How many glossy travel brochures have you looked at and wished that you could go on these adventures, but when you checked the price for the air and vacation package the cost was huge and well beyond your budget?
For example the University of Washington Alumni Travel—as an alumni, I get their ads—- offers mostly 2 week guided tours to many of the places I have visited:India for two weeks, including airfare, costs $5,174——average daily cost is $370.
Machu Picchu-Galapagos for 17 days, including airfare, costs $8,193—average daily cost $482.
Myanmar for two weeks, including airfare, costs $$4,998—average daily cost $357.
Patagonia for 17 days, including airfare, costs $7,969—-average daily cost $469.
Vietnam for 2 weeks, including airfare, costs $4,257—average daily cost $304.
If you are a single traveler like I am, the tour operators add on a single supplement charge ranging from $1,600 to $2,700 which increases the average daily cost to between $418 and $627.
With costs this high, your travels will either remain dreams or you will manage to save up enough to take just a few in your lifetime.
If you truly want to travel more, try independent travel. I mostly travel independently for about 40 to 70 days at a time to various places in South America and Asia. I save on the cost of travel on these trips by only using frequent flyer miles for my travels from my home in Seattle, WA to Asia and South America, and by staying from 40 to 70 days on each trip. I have taken 29 international flights using just frequent flyer miles. With these international flights, I sometimes am able to do stopovers along the way. My stopovers are either at the beginning of my trips or the end in such places as Taiwan, Japan, South Korea, Singapore, and Hong Kong. I generally limit my stopover stays to about a week.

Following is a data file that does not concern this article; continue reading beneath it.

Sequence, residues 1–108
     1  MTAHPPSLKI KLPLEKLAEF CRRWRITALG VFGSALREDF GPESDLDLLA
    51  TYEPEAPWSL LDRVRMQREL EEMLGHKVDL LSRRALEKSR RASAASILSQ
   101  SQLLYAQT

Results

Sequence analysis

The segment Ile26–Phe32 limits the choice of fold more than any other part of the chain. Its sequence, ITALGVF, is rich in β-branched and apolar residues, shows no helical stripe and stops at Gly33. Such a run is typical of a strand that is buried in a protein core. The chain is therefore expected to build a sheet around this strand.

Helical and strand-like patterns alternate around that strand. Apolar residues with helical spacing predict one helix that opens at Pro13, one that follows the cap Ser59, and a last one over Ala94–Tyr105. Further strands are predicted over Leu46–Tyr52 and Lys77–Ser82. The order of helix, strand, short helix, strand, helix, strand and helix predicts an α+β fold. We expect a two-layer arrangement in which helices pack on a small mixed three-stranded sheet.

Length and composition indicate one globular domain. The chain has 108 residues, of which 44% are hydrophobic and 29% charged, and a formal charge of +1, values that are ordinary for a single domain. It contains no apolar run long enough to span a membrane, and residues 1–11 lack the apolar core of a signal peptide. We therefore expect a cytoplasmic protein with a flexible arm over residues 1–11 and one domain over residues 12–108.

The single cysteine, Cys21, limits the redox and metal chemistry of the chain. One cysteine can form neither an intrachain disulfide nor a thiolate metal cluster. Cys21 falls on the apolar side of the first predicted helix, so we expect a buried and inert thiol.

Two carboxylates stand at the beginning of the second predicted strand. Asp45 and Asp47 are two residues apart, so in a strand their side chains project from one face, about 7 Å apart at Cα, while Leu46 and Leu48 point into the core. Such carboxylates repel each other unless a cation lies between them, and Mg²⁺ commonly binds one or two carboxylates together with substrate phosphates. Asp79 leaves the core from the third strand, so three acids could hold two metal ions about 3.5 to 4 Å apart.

By using frequent flyer miles for my travels from home to Asia or South America, I save from $1,050 to $10,500 in air fare per trip. My only travel costs using frequent flyer miles are the airport fees and taxes which range from $70 to $121 for each round trip flight.
To get enough frequent flyer miles, I combine what is called “churning credit cards” with using credit cards for almost all purchases—even small ones—and recurring bills. Just remember for this to work well, you MUST pay off the balance on ALL of your credit cards. Churning credit cards is when you open up credit cards that offer frequent flyer miles or points. The best offers now are 40,000 and 50,000 miles from United Air, Chase and Capital One. Some cards offer 2 miles or points for every dollar spent. Here are two websites I use to check out the best credit card frequent flyer or travel points offers: creditcardinsider and frugaltravelguy.
Once you get to your destination the other biggest way to save money while traveling is to stay at cheap hotels and hostels. I do not make advance reservations unless I arrive after dark. I find the Lonely Planet country guides are essential for me to navigate around the cities and to locate where to find cheap hotels. I also find that www.hostelworld.com is a very good resource because of the information, photos, location maps, and traveler reviews. You get a real sense of what kind of place you might be staying at and the kind of travelers that are staying there by reading these reviews. As soon as I can get a frequent flyer flight to Cuba, I plan to try out Airbnb and stay with residents instead of the somewhat tired out hotels many tour groups use.
When I stay at hostels, I find that they are generally cleaner than some of the cheap hotels and they have several amenities that many travelers enjoy such as a gathering place with other like minded travelers from around the world, wifi, swimming pool, book exchanges, bicycles for free or rental, breakfast included sometimes, kitchens—-for those that like to cook or save money—and tour options. Some hostels also have private rooms available.